LABUAN: The COVID-19 pandemic has slightly impacted Labuan’s international financial sector as the leasing segment has felt the pinch over the first few months of 2020.
Labuan Financial Services Authority (Labuan FSA) director-general Datuk Danial Mah Abdullah said the situation was rather akin to a ‘double whammy’, owing to the uncertainty of the global economic landscape.

“COVID-19 has affected our sector and this is unprecedented…we are not sure of the business landscape moving forward, there’s so much uncertainty…you’re not sure how it’s going to be played out, so to speak.

“We are the regulator, a member of all these various multilateral kind of organisations that comprise all these regulators…(there’s) a lot of all sharing of information, sharing of knowledge, and so on, how to handle this situation, and what other jurisdictions are doing.

“We have been scanning around and we have been attending Zoom meetings, with all these other regulators in terms of how we are managing the situation,” he said.
Mah said some form of impact on the industry were seen in the first few months of this year, but were not on a large scale, but some sectors would be affected such as the leasing business.

“It’s like a double whammy, because last year there was a significant drop in oil prices that has affected the oil and gas sector in Labuan…and the situation is now compounded with COVID-19, that doubles the burden,” he said during a recent interview with Labuan International Business Financial Centre (IBFC) chief executive officer Farah Jaafar-Crossby in conjunction with Labuan IBFC’s 30 Years of Intermediating Asia.
The excerpts of the interview were released to Bernama today.

Mah however said there were also some pockets of positive impact as the new norms are taking its shape in the financial sector.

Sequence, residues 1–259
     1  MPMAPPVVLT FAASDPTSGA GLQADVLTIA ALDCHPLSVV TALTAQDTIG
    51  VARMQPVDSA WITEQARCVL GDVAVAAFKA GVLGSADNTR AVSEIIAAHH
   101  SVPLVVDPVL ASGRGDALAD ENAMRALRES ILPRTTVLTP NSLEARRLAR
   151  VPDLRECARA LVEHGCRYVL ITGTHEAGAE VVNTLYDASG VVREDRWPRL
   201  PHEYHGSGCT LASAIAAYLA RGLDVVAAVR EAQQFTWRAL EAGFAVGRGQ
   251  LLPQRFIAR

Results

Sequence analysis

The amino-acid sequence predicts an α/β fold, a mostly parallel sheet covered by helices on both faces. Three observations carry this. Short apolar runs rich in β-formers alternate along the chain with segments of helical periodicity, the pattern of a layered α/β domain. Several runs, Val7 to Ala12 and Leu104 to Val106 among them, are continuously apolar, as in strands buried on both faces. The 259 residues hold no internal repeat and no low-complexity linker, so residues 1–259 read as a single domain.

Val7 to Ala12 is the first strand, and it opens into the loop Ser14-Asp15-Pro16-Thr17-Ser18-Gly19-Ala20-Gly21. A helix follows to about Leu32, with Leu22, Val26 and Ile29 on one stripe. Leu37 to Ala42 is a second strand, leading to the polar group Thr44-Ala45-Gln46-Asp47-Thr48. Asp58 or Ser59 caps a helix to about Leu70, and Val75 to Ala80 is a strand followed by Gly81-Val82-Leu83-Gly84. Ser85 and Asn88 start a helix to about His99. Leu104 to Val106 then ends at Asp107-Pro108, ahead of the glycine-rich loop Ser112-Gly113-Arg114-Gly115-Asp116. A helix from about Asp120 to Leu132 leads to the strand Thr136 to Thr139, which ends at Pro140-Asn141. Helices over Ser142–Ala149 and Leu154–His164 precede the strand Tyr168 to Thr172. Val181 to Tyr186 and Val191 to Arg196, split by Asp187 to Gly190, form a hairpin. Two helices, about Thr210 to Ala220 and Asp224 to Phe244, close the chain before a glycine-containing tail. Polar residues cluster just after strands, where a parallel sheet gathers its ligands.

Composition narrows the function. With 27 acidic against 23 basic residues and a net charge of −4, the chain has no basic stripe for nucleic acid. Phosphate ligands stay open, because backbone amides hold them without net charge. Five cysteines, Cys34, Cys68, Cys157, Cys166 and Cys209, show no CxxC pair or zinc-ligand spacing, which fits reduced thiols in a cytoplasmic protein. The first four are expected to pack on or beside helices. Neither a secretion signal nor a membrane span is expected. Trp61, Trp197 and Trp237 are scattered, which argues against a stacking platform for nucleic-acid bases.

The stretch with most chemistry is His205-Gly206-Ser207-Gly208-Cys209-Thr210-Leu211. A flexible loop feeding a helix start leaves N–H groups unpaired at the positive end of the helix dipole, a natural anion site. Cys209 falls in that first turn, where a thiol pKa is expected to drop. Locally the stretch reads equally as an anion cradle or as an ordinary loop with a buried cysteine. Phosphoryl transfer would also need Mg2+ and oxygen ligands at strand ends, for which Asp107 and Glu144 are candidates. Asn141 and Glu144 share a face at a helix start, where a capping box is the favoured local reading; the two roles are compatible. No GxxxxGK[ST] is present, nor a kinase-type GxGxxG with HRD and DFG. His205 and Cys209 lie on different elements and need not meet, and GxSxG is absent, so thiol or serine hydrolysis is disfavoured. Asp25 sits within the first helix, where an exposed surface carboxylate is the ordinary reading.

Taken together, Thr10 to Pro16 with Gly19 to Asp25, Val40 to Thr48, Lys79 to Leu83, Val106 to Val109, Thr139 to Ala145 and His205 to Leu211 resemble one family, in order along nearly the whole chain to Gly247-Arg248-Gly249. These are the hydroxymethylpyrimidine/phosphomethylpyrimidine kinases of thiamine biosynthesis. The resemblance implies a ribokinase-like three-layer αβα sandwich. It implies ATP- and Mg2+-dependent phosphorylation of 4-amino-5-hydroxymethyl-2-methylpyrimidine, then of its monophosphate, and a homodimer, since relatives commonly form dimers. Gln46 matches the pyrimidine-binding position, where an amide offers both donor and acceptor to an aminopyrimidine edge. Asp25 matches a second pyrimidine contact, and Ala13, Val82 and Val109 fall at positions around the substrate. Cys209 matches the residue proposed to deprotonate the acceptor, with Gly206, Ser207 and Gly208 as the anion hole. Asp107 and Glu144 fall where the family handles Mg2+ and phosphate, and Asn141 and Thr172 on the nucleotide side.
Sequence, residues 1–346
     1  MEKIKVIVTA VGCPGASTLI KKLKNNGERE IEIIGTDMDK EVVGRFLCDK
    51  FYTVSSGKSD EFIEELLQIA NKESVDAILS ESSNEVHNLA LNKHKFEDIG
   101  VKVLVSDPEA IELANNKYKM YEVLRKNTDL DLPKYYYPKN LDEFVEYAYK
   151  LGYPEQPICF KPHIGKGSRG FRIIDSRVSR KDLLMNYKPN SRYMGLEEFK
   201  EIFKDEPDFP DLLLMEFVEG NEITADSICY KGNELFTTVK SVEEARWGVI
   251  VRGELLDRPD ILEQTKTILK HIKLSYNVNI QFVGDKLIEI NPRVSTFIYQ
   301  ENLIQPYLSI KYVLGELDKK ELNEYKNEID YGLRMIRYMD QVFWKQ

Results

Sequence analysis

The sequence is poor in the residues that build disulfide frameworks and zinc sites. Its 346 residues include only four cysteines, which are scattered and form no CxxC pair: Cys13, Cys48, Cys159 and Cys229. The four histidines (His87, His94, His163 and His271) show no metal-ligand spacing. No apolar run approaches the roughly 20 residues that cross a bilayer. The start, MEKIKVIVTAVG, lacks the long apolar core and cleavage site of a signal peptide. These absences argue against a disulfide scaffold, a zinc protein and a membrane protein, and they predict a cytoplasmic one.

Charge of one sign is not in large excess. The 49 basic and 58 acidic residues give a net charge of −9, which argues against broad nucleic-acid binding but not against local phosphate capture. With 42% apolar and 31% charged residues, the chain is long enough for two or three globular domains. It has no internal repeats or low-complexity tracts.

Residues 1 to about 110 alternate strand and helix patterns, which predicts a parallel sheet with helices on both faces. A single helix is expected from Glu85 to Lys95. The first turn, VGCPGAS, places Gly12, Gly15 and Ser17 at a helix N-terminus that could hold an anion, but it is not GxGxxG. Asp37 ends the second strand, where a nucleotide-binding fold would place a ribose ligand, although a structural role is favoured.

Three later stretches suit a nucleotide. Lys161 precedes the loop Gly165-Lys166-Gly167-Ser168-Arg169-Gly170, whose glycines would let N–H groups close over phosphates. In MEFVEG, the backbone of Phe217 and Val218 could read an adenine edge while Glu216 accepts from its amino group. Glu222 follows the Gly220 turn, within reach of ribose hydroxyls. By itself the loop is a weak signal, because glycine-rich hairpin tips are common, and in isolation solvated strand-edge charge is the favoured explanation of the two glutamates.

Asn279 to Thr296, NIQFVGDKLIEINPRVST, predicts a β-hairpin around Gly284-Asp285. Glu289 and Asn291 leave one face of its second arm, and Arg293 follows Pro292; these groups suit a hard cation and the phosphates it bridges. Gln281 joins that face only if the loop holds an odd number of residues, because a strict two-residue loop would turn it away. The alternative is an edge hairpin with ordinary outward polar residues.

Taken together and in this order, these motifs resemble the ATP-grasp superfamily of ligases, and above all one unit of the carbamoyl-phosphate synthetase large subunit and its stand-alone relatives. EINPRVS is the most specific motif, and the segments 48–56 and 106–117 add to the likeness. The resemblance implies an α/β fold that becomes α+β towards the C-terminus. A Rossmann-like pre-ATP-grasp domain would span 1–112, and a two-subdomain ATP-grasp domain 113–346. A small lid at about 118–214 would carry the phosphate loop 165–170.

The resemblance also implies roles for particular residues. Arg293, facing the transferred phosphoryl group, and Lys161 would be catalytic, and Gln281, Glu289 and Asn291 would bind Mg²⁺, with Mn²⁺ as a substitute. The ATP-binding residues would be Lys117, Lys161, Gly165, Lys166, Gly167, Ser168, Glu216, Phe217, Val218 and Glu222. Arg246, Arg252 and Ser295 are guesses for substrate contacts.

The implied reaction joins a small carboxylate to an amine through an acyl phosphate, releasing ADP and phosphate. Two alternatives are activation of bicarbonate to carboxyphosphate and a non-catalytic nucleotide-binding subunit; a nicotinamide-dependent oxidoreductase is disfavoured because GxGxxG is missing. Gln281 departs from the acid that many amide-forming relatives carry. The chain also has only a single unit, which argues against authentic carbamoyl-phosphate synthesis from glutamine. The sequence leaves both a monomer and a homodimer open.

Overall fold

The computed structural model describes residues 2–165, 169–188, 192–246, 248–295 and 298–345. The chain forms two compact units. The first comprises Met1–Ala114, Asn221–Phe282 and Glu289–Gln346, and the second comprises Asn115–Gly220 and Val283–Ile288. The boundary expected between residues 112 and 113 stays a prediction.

“You talk about digital related businesses…we have been focusing on that industry in the last couple of years, and we are seeing some increase again in that area.

“Of course, in the insurance side, there’s one element of captive business. We are seeing a lot more players in that spectrum as well. But overall, we will continue to scan the region to see what else that we can do, in terms of moving Labuan IBFC forward,” he said.
Mah said the authority had offered relaxations to the industry players who had been affected by the Movement Control Order such as temporary regulatory reliefs.

“This relates to administrative governance. So, there are some reliefs provided to them, in terms of submitting documents to us, and also in terms of how they compute their solvency margin. Of course, the relief is not exhaustive.

“We are also working with the players, (to see) what else we can do for them, to manage the situation. But like I said, when we say we scan the environment, we’re not just looking at businesses…as a regulator, we need to see what are the risks we need to manage to make sure we remain sustainable, as well as to make sure that our resilience is maintained,” he added.

Mah said the Labuan IBFC needed to remain agile and continue monitoring the situation and ensure it is able to provide the best services to the industry players to enable them to operate without any hindrance.